KIX (1981–95). Steve Whiteman (vocals), Donnie Purnell (bass), Ronnie “10/10” Younkins (guitar), Brian “Damage” Forsythe (guitar), Jimmy Chalfant (drums).
Hailing from Baltimore, Maryland, Kix’s music combined a catchy AC/DC-influenced and somewhat Stonesy-sounding brand of rock with hooks, and a great live stage show. Releasing a string of great albums in the mid- to late eighties, they nonetheless were unable to get the recognition they deserved, though they left us with a number of classic discs.
After earning a reputation as a great live act on the club circuit in their native Baltimore, Kix, featuring vocalist Steve Whiteman, bassist and main songwriter Donnie Purnell, guitarists Ronnie “10/10” Younkins and Brian “Damage” Forsythe, and drummer Jimmy Chalfant, inked a deal with Atlantic Records and released their self-titled debut in 1981. The album featured a number of fun, infectious rockers, like “Yeah, Yeah, Yeah,” “The Kid,” and “Atomic Bombs,” but wasn’t particularly successful. It did help the band to build its fan base, especially as they began to tour heavily behind the album. 1983’s follow-up Cool Kids was slightly more commercial, featuring the single “Body Talk.”
The band’s creative high point came with 1985’s Midnight Dynamite. Produced by Ratt producer Beau Hill, the album presents Kix in their best (and most accurate) light, with their strongest set of songs and performances. With songs like the single “Cold Shower,” as well as “Sex” and “Bang Bang (Balls of Fire),” the band put its best foot forward, producing an album that remains a classic. The album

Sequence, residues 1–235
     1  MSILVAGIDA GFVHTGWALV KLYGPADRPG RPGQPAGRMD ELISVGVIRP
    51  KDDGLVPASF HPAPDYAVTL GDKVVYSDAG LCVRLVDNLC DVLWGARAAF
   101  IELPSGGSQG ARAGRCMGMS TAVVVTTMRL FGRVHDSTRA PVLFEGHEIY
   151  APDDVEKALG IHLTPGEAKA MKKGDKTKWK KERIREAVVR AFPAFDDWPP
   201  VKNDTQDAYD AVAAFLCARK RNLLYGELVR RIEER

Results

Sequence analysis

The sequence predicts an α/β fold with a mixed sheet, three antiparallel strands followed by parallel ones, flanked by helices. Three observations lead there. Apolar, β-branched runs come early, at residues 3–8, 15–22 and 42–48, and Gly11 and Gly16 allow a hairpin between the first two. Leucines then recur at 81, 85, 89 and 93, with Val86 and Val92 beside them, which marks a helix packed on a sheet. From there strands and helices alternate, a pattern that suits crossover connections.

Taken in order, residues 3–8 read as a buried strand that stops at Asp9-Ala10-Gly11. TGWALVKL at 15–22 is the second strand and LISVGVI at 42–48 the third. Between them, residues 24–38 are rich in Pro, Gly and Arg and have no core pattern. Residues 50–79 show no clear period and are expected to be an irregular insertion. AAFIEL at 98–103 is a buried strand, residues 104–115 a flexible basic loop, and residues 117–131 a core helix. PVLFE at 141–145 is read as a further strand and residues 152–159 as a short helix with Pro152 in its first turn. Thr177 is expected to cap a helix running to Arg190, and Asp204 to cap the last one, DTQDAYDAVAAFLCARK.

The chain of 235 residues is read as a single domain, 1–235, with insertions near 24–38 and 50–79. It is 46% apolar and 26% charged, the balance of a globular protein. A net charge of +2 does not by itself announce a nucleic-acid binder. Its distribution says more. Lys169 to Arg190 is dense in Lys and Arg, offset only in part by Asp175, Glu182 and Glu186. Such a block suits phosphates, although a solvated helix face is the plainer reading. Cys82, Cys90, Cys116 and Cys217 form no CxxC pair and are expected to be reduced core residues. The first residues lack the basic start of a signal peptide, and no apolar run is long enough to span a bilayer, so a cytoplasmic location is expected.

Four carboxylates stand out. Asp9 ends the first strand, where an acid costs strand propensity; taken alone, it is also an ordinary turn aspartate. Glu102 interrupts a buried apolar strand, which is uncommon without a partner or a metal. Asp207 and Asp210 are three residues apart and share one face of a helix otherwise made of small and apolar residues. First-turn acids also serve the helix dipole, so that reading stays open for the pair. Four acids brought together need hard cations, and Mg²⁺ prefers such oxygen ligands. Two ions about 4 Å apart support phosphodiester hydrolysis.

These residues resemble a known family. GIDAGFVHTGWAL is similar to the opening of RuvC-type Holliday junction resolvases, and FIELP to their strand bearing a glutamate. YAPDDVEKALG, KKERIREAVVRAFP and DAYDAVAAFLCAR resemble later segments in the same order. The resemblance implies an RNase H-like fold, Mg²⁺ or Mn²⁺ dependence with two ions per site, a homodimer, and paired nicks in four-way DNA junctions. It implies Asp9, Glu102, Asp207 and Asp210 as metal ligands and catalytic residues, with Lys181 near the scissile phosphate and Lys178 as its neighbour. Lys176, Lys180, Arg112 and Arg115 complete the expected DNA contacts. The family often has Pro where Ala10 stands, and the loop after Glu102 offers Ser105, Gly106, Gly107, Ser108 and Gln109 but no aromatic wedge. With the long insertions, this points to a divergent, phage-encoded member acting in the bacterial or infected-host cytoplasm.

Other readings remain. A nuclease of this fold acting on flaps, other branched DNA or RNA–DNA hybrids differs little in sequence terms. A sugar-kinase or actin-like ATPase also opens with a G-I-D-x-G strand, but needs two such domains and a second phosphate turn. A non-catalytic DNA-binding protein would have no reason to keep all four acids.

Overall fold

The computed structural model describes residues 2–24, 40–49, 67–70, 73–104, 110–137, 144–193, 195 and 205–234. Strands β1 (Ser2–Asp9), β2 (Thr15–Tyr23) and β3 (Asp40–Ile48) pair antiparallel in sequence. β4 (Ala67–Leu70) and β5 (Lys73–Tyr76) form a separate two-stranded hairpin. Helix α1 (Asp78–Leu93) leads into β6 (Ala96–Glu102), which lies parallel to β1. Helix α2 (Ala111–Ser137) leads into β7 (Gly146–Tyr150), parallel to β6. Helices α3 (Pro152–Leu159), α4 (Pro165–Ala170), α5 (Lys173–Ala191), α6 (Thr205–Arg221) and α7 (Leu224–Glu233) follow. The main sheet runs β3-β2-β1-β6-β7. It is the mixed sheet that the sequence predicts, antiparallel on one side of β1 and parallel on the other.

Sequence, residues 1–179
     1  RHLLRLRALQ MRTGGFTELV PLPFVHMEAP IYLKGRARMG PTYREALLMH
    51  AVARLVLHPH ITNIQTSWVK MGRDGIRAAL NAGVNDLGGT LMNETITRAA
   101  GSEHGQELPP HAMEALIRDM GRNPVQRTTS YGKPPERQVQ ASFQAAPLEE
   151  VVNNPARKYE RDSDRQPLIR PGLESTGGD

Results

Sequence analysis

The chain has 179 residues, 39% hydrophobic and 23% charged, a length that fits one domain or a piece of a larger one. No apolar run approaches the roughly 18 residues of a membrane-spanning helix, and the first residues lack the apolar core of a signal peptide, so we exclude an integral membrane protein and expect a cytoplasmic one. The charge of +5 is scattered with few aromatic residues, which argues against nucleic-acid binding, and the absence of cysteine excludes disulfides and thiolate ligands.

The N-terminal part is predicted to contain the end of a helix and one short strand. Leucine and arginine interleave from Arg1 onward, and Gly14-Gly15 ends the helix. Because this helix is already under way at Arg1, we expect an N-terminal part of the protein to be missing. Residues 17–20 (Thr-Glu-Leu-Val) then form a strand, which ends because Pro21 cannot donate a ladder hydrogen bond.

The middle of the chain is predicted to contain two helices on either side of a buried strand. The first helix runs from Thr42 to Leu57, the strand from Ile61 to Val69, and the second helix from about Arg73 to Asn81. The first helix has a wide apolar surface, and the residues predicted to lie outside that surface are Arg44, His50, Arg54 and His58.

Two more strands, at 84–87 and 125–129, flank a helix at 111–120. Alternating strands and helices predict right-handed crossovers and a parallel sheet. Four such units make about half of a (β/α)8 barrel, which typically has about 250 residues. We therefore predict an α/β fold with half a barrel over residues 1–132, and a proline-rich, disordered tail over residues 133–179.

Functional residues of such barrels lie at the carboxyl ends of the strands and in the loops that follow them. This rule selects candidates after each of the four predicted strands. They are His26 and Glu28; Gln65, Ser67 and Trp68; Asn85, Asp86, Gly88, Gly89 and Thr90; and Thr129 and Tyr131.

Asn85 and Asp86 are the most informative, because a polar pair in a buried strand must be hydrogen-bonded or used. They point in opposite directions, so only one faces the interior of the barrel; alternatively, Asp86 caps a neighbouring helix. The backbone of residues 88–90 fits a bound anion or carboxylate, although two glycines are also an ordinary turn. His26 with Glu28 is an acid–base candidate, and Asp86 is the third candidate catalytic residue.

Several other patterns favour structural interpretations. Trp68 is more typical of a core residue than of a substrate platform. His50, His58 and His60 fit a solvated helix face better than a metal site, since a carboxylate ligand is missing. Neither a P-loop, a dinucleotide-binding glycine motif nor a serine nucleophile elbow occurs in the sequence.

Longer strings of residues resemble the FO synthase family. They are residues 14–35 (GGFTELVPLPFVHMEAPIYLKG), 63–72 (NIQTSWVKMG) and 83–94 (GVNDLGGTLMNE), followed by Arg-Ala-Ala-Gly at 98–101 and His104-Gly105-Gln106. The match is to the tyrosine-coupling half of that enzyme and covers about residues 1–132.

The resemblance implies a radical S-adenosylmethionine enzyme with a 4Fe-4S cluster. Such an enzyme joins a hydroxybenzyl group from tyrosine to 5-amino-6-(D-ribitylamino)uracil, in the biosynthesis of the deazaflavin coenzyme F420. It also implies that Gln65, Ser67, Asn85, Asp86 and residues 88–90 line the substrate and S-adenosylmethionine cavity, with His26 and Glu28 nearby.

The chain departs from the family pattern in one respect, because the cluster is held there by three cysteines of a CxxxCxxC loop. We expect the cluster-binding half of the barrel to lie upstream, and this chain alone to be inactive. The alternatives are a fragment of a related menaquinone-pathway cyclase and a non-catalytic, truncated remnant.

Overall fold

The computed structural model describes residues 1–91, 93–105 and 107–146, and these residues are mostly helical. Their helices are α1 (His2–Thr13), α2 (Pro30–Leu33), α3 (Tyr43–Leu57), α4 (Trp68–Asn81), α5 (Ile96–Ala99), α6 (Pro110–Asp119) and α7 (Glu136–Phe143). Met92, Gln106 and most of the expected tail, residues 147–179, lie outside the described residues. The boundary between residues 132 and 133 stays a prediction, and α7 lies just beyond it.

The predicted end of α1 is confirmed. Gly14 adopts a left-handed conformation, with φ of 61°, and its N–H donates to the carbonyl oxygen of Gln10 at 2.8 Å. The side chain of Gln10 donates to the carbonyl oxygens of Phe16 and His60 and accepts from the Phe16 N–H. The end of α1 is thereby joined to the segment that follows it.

was more successful than its predecessors but still not the breakthrough that the band and its label had hoped that it would be. Nonetheless, it helped to set the stage for their next album, Blow My Fuse, which would provide that breakthrough. Produced by famed producer Tom Werman (Cheap Trick, Motley Crue) and released in 1988, the album was similar to Midnight Dynamite, although perhaps not quite as strong, despite being somewhat more commercial. The ballad “Don’t Close Your Eyes” provided the band its first and only hit and helped the album to enter the charts. Videos for the song and others gave the band newfound visibility, while they also found themselves opening on tours for Aerosmith and AC/DC.
With the success of Blow My Fuse, the band realized that its financial affairs were in bad shape because of the debt they had incurred with their label. As a result, they saw little recompense from their “successful” album. Although they would follow it up with the excellent Hot Wire in 1991, a move to Atlantic subsidiary East/West and a shift in musical trends toward alternative rock served to hinder the band’s commercial progress, and they sold a mere 200,000 copies of the album. After the release of the 1993 live album Kix Live, the band’s relationship with Atlantic was finished. The band would go on to release one more album on the smaller CMC label (1995’s Show Business) before calling it a day, with the members going on to pursue separate projects, although they have periodically reunited for one-off gigs and small tours in recent years (minus bassist Purnell).
Discography: Kix (Atlantic, 1981); Cool Kids (Atlantic, 1983); Midnite Dynamite (Atlantic, 1985); Blow My Fuse (Atlantic, 1988); Hot Wire (Atlantic, 1991); Kix Live (Atlantic, 1993); Show Business (CMC International, 1995); Live (Wounded Bird, 2005); The Essentials (Warner Strategic, 2002); Metal Hits (Rhino Flashback, 2003).